From techno to rock, in no little style...

If there was any lingering doubt that Anders Trentemøller is now a rock musician rather than a dance-music producer, then this London show, the first date supporting his ‘Lost’ LP (Clash review), settles the matter once and for all.

The Danish artist, who attained international acclaim for his atmospheric techno and haunting deep house in the mid-‘00s, has spent the last few years experimenting with an increasingly guitar-centric sound. And while he has been touring with a live band for a while now, tonight’s gig in many senses encapsulates the final stage of the musician’s transition from club to gig context.

The glorious ‘Still On Fire’, a brooding yet lively instrumental cut from the new album, opens the show, as the band emerges one-by-one on the dimly lit stage, with only the occasional burst of white light offering a glimpse of their features.

It’s a stripped-back, shades-of-grey aesthetic that feels more post-punk than anything else. A vibe reinforced by the arrival of Trentemøller himself, made-up in eye-shadow and lip-stick. Towering over his mass of Moog synthesizers and keyboards centre stage, he looks as if he might be the Robert Smith of the post-techno generation.

Tracks from the new album get an airing, with guitarist Marie Fisker doubling up on singing duties on the numerous vocal cuts. Over the course of numbers like ‘Candy Tongue’, ‘Gravity’ and the particularly impressive ‘River Of Life’, her charismatic presence fills the stage. 

Trentemøller might be the glue that holds the show together, manipulating the sounds from the instruments around him, but Fisker’s energy – whether bounding around the stage or stood, picking her guitar, pouring her heart into the microphone – sees her become just as much the star as the main man himself.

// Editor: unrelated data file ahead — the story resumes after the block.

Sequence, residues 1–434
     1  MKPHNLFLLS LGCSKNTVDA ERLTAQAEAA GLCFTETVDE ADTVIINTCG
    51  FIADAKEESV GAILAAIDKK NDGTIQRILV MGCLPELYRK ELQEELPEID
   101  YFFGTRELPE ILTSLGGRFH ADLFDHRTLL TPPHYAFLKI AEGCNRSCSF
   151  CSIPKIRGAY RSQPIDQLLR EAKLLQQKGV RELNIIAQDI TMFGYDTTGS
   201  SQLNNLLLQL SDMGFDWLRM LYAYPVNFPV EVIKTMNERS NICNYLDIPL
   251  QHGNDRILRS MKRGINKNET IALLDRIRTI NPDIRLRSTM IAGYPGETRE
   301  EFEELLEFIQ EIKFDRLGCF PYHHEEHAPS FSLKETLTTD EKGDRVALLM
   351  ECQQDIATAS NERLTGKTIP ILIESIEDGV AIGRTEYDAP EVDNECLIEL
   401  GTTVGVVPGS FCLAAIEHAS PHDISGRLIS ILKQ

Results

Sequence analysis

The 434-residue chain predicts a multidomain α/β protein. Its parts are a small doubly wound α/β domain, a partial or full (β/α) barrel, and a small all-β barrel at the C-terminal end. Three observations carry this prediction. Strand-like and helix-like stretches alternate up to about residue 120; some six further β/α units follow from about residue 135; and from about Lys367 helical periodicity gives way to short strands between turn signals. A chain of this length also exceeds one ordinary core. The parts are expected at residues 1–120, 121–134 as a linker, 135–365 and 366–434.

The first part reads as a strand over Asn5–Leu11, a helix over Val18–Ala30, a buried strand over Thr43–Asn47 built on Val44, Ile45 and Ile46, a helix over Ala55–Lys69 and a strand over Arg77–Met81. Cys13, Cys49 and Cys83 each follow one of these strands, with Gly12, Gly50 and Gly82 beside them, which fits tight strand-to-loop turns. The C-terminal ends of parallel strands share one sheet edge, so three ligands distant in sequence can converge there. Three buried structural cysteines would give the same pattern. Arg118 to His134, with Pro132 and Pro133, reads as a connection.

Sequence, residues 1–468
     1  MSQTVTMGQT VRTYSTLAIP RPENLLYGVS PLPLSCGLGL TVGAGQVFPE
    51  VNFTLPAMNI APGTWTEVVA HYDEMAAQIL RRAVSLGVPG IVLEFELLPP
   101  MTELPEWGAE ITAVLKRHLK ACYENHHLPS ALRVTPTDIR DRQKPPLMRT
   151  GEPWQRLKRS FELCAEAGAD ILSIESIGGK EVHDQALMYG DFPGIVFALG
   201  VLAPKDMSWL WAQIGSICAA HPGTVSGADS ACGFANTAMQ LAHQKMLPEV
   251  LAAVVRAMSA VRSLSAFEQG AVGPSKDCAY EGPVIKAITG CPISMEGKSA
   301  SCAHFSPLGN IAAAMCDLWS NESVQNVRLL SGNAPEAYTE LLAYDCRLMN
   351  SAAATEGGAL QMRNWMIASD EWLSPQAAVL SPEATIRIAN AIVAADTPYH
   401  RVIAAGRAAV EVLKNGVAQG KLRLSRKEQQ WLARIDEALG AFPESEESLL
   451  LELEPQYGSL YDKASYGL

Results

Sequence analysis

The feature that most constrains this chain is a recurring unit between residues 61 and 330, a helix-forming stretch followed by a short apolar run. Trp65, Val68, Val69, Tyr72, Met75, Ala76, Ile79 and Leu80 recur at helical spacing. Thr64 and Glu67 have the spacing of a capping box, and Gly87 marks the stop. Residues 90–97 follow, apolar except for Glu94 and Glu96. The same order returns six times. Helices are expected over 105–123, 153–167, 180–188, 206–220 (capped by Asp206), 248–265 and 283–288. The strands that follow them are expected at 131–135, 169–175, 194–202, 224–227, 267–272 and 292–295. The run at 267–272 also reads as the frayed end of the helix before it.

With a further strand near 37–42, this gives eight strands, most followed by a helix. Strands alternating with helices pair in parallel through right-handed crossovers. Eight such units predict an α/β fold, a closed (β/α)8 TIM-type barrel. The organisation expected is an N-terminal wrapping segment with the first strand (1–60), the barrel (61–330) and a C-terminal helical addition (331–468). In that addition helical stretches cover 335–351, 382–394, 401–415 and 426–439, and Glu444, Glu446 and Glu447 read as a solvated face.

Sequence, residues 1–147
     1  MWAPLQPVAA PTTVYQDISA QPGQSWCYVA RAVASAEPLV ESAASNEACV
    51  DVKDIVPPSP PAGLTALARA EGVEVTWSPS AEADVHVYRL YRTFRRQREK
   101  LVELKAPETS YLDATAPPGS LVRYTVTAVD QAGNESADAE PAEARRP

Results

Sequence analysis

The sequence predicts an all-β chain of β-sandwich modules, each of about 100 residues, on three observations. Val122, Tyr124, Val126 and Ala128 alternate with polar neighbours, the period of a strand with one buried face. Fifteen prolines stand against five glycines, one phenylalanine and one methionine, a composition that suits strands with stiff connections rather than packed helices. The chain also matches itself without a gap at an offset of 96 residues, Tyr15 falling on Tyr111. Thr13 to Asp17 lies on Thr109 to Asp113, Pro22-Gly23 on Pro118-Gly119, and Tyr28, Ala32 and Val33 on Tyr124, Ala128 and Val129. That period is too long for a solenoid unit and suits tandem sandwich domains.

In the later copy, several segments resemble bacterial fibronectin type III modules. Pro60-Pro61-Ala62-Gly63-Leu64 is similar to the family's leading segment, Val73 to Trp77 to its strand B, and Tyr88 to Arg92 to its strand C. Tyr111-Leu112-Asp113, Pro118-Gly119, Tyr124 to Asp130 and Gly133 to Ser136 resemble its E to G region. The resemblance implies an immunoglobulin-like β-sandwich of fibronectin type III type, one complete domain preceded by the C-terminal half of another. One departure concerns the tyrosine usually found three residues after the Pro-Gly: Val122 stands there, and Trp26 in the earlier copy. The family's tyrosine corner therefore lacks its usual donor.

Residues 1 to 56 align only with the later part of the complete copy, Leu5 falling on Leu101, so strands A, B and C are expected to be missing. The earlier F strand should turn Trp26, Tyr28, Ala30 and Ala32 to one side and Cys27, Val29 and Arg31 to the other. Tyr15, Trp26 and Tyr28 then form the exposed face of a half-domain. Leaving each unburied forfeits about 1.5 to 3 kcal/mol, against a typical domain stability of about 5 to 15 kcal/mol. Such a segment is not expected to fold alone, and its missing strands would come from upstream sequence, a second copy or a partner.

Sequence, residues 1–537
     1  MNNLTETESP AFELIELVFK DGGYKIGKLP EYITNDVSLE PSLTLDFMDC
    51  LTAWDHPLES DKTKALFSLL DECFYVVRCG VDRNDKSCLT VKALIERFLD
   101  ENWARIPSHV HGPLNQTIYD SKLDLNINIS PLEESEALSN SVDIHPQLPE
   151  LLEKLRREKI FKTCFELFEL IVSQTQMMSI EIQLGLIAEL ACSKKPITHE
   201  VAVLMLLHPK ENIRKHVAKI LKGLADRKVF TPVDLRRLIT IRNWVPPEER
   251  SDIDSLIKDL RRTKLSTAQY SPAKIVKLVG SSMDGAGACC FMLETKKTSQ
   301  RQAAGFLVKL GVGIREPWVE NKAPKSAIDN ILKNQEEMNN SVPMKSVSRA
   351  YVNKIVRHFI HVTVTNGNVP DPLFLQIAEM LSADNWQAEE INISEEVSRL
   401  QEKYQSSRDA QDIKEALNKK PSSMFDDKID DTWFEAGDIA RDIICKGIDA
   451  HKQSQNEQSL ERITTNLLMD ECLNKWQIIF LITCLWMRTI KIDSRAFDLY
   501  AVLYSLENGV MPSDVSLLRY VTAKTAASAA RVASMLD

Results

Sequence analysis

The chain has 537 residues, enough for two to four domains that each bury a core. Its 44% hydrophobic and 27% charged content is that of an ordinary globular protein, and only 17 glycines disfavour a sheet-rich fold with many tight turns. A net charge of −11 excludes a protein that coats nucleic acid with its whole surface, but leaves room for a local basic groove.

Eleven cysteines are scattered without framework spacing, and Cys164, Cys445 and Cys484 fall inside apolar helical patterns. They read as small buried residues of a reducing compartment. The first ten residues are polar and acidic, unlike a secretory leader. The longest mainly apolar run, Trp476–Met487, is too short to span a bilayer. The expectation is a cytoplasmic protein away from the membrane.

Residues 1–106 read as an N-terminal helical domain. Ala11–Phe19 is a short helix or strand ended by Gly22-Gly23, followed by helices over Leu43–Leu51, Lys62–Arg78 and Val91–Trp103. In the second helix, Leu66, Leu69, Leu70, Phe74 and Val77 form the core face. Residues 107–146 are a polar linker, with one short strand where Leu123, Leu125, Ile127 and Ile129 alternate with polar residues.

The new material, with its blend of shoegaze-y rock and ephemeral electronica, goes down well. But the older tracks, especially those from Trentemøller's seminal debut album ‘The Last Resort’, receive a rapturous reception.

Cuts such as ‘Vamp’ and ‘Miss You’ become even more impressive than their studio counterparts; the live instrumental renditions, with their very occasional moments of imperfection, are imbued with a raw edge. What’s more, each track becomes a new version of itself, as it’s drawn-out in long, almost psychedelic, concluding jams.

This band is either amazingly well rehearsed, or its members possess an astounding ability to improvise around Trentemøller’s ever-modulating rhythms. Whichever it is, as a cover of The Cure’s ‘Lullaby’ segued into ‘Moan’ brings the main section of the show to a close, the packed house is visibly bowled over.

The troupe returns to the stage for a two song encore: a spine-tingling rendition of ‘...Even Though You’re With Another Girl’ – which might have some of the most heart-breaking lyrics ever penned – and a wigged-out version of ‘Silver Surfer, Ghost Rider Go!!!’. It’s a perfect end to a fantastic performance, extolling Trentemøller’s inimitable ability to combine the forlorn, raw emotion of rock with unearthly, transgressive fields of electronics.

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Words: Peter Adkins

Clash’s new issue, featuring M.I.A. on its cover, is out now


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